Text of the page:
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I have used guitar effects and preamps such as the Digitech GSP-21 and the ART SGX2000 in my live rig since the early nineties. Although great units for their period, it was time for an upgrade. After reading some reviews and playing countless devices, I finally settled down with the Fractal Audio Axe-FX II. I originally used the Behringer FCB1010 with the custom UNO mod chip to control the Axe-FX. This was a very versatile combo that served me well for a year or so. The only significant shortcoming was a lack of visual feedback on the foot controller. What preset is the Axe-FX on? What effects were currently enabled? What is the current Axe FX tempo?

For years, I've been planning to build my own custom MIDI guitar effects foot controller. These shortcomings in my live rig prompted me to begin.

I should point out that Axe-FX users would be better served using the brilliant MFC-101 foot controller, designed and built by Fractal Audio specifically for the Axe-FX. I built my "Bigfoot" controller simply to have fun, and as an excuse to play with some Arduino code.

Step 1: Test Bed for Proof of Concept

The goal of the proof of concept was to send a MIDI program change and CC to the Axe-FX, and interpret the resulting sysex data received from the Axe-FX. The Fractal Audio forums were invaluable for interpreting the sysex data received.

For the MIDI input/output circuit, I used a prototyping breadboard connected to an Arduino Uno board with 2 row x 16 character LCD shield and a 4x4 numeric keypad. The MIDI I/O circuit was based on the MIDI Manufacturers Association MIDI electrical specification diagram using the 6N138 optocoupler I had on hand.

To add MIDI support to the test code, I used the Arduino MIDI library written by Francois Best, version 4.2. No doubt, this excellent piece of software saved me months of development and testing. Thanks Francois!

Other Arduino libraries utilised in the proof of concept were the standard LCD library and the excellent Keypad library version 3.1, developed by Mark Stanley and Alexander Brevig. The keypad library negated the need for hardware debounce circuitry as software debounce is included in the library. Another massive time saver!

As demonstrated in the video clip, the proof of concept allows program and scene selection from the keypad, and display of the resultant program name/number and scene number on the LCD display. Effects status is returned as parseable data, however I left this functionality until I have a better idea of what I want to do with it.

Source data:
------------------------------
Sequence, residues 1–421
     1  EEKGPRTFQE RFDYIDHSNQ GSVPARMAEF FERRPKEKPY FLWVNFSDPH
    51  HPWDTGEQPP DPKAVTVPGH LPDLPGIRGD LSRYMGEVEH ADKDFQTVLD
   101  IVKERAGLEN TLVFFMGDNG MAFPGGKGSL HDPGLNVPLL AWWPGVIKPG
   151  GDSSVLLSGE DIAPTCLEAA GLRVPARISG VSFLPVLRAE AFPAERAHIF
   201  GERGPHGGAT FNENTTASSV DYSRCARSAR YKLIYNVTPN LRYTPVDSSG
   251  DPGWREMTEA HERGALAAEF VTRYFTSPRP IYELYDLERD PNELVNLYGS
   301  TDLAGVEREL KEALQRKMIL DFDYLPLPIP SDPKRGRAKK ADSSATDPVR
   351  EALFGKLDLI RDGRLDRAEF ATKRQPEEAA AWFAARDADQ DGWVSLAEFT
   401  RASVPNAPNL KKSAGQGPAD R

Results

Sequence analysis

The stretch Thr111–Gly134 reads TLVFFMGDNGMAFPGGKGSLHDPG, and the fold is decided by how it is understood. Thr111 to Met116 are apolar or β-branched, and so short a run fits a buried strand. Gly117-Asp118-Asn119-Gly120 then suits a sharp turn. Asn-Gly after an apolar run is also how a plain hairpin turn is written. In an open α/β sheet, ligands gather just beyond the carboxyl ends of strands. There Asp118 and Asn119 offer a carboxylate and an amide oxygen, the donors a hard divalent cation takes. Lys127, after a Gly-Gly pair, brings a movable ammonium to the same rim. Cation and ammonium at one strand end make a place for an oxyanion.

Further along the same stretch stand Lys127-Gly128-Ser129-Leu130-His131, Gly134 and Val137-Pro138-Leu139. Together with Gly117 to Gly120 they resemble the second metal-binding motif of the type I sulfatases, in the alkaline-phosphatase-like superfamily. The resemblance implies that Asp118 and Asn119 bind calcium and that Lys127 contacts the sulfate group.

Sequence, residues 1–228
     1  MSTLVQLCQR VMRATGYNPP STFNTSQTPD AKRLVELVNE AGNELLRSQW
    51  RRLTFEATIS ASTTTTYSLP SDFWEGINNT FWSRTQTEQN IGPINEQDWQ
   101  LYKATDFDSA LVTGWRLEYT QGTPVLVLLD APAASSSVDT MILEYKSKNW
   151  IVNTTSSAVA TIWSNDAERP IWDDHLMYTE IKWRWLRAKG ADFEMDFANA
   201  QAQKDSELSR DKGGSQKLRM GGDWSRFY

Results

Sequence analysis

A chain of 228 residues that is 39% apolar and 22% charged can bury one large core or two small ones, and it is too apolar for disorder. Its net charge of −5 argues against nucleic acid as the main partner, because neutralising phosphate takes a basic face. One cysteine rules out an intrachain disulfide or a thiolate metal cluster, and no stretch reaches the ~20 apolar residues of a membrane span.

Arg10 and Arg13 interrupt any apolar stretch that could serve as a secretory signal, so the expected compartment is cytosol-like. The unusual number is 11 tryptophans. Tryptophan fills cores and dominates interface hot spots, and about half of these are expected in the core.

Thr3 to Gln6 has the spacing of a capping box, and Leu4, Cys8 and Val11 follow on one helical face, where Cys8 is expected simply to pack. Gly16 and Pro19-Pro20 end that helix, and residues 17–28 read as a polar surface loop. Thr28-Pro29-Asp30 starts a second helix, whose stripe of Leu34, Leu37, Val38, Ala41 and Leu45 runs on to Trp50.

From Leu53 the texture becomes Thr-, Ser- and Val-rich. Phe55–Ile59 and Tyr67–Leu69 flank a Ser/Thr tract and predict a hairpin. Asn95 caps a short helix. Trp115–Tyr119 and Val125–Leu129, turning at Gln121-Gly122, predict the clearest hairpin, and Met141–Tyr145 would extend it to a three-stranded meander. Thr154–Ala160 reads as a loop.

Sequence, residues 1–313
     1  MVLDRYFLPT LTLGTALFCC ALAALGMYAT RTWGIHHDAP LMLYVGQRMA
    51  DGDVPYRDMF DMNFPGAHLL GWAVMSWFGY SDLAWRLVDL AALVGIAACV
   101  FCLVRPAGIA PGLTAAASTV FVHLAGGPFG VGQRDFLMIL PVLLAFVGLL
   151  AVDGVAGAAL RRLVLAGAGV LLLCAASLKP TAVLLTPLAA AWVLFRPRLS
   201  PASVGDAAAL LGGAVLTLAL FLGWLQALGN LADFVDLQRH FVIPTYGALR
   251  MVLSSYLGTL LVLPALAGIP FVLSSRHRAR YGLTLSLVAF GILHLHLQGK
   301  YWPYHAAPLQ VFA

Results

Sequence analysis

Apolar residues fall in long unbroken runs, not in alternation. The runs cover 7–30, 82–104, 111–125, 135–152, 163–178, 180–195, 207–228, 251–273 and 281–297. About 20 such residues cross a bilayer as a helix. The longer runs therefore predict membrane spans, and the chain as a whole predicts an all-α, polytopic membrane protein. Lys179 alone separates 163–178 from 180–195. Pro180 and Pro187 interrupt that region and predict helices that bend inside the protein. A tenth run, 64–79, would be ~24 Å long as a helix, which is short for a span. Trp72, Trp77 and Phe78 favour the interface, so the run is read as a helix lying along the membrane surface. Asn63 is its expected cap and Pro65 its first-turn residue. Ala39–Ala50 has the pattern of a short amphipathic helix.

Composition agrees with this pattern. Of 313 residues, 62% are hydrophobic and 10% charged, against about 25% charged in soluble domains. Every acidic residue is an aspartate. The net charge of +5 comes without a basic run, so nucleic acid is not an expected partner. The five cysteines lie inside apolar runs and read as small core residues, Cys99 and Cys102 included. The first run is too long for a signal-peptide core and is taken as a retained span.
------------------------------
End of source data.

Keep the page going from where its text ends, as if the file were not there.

Step 2: Planning the Functionality and Form

At this stage, I should define some basic terminology for those unfamiliar with Fractal Audio's Axe-Fx II:

  • Preset - a preset stored in the Axe-FX memory. A preset defines which amplifiers, cabinets, effects, patches and mixes are available when that preset is selected. A preset also defines the parameters for all of the above.
  • Scene - A combination of amplifiers, cabinets, active effects and levels stored within a preset.
  • An Axe-FX II preset contains eight scenes.

For my project, allow me to define "Program" as an individual bigfoot switch layout that can send numerous preset change and continuous controller commands, including those that select scenes, as well as MIDI commands sent to other devices such as loopers, samplers, keyboards, garage doors, etc.

In summary, and within the context of this document, a "preset" is an Axe-FX preset and "program" is a Bigfoot switch layout.

Once basic MIDI communications with the Axe-FX had been established through the Bigfoot proof of concept, it was time to consider what functionality I needed from the foot controller. Requirements:

  • Send program and continuous controller MIDI commands to Axe-FX
  • Interpret the MIDI sysex returned after commands are sent and update the LCD display and LED states
  • Implement programmable function switches to control effects, tempo, guitar tuner, extra MIDI commands
  • Implement programmable ports for outboard expression pedals to control volume, wah, pitch

Having defined basic functionality, the form requirements followed: